The General Died at Dawn

The General Died at Dawn

Theatrical release poster
Directed by Lewis Milestone
Produced by William LeBaron
Written by Charles G. Booth
Clifford Odets
Starring Gary Cooper
Madeleine Carroll
Akim Tamiroff
Music by Werner Janssen
Cinematography Victor Milner
Edited by Eda Warren
Distributed by Paramount Pictures
Release dates
September 2, 1936 (1936-09-02)
Running time
98 minutes
Country United States
Language English

The General Died at Dawn is a 1936 American drama film that tells the story of a mercenary who meets a beautiful girl while trying to keep arms from getting to a vicious warlord in war-torn China. The movie was written by Charles G. Booth and Clifford Odets, and directed by Lewis Milestone.

It stars Gary Cooper, Madeleine Carroll, Akim Tamiroff, and Dudley Digges. Director Milestone has a cameo role.

The movie was nominated for Academy Awards for Best Actor in a Supporting Role (Akim Tamiroff), Best Cinematography, and Best Music, Score. There are several scenes in the film that show startling originality at the time. At one point, the camera focuses on a white door knob, and then dissolves to a white billiard ball to connect disparate scenes. In another scene, two characters have a conversation in which they speculate about the fates of other characters in the drama. The answers to their questions appear in screen segments in the corners of the screen, marking an unusual use of split screen to join narrative.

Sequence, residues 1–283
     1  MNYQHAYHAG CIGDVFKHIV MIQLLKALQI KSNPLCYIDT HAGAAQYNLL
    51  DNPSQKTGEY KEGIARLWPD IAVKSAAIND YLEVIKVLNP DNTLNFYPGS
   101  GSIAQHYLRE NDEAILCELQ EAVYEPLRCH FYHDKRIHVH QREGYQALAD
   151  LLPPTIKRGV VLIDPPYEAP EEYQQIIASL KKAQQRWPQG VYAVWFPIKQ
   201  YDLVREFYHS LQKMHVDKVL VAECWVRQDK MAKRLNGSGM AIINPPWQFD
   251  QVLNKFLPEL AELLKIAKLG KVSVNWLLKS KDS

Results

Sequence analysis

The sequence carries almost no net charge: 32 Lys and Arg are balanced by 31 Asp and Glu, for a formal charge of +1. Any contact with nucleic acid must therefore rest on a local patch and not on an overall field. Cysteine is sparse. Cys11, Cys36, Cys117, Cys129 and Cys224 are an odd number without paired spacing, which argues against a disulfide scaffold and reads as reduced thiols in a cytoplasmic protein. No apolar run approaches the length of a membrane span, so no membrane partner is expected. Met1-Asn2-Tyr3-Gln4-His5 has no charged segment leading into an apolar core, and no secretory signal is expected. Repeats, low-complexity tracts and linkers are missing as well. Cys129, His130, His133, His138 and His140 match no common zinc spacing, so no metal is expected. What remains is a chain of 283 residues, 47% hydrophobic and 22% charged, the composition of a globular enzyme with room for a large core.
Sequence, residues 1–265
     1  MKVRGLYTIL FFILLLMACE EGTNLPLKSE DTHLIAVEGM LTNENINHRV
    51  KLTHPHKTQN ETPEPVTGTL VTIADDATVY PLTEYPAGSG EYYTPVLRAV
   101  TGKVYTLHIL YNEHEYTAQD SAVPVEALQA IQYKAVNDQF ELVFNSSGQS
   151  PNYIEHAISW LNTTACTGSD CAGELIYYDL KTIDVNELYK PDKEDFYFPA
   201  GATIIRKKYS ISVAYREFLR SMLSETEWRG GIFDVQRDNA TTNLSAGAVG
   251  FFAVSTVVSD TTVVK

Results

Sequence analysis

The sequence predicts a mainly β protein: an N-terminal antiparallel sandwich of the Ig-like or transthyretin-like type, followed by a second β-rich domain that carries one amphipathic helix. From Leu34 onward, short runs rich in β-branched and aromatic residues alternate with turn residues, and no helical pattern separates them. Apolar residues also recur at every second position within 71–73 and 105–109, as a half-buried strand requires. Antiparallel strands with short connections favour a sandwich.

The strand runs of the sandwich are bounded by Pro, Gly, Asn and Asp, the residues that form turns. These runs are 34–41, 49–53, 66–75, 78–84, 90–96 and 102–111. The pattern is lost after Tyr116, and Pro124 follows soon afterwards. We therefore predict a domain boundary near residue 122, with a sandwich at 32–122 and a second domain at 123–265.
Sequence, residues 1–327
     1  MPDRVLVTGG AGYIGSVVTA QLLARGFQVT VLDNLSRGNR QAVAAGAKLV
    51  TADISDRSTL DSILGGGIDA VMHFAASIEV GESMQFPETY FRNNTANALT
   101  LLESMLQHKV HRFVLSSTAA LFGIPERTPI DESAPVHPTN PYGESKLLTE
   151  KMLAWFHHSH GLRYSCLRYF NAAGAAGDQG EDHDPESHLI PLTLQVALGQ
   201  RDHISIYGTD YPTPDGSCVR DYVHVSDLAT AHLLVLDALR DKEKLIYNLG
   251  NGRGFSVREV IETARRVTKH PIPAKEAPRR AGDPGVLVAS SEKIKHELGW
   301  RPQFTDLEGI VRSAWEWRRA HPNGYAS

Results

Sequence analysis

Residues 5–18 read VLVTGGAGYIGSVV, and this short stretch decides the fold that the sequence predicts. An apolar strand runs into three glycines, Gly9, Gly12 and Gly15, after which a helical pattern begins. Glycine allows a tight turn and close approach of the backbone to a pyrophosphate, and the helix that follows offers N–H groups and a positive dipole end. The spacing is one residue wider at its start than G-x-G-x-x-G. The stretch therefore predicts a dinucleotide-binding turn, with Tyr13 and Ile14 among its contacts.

The main character, O'Hara, is based on the real-life Anglo-Canadian Jewish adventurer Morris Abraham "Two-Gun" Cohen. During the early 1930s, Cohen ran guns for various warlords in mainland China.

This is reported to be the first film to use foam latex prosthetics. Makeup artist Charles Gemora applied sponge rubber eyelids for one of the actors.

John Howard Reid called it one of the fifty finest films Hollywood ever made.[1]


In 1938 an animated cartoon, called The Major Lied Till Dawn, was produced by Leon Schlesinger Productions. In it, a major tells tall tales about his hunting adventures to a boy who resembles Freddie Bartholomew. The character of the major may have been influenced by Colonel Heeza Liar.

A third-season episode of the TV show M*A*S*H was entitled "The General Flipped at Dawn" (broadcast September 10, 1974). In the episode Harry Morgan appears as Major General Bartford Hamilton Steele, a batty general who is convinced that the 4077th needs to move closer to the front lines, to be near the action. (Morgan formally joined the cast of M*A*S*H in Season Four as the much-saner Colonel Sherman T. Potter.)


  1. Reid, John Howard (2012). 50 of the Finest Films Hollywood Ever Made. Raleigh, NC: pp. 38–39. ISBN 9781105758966. OCLC 934849010.
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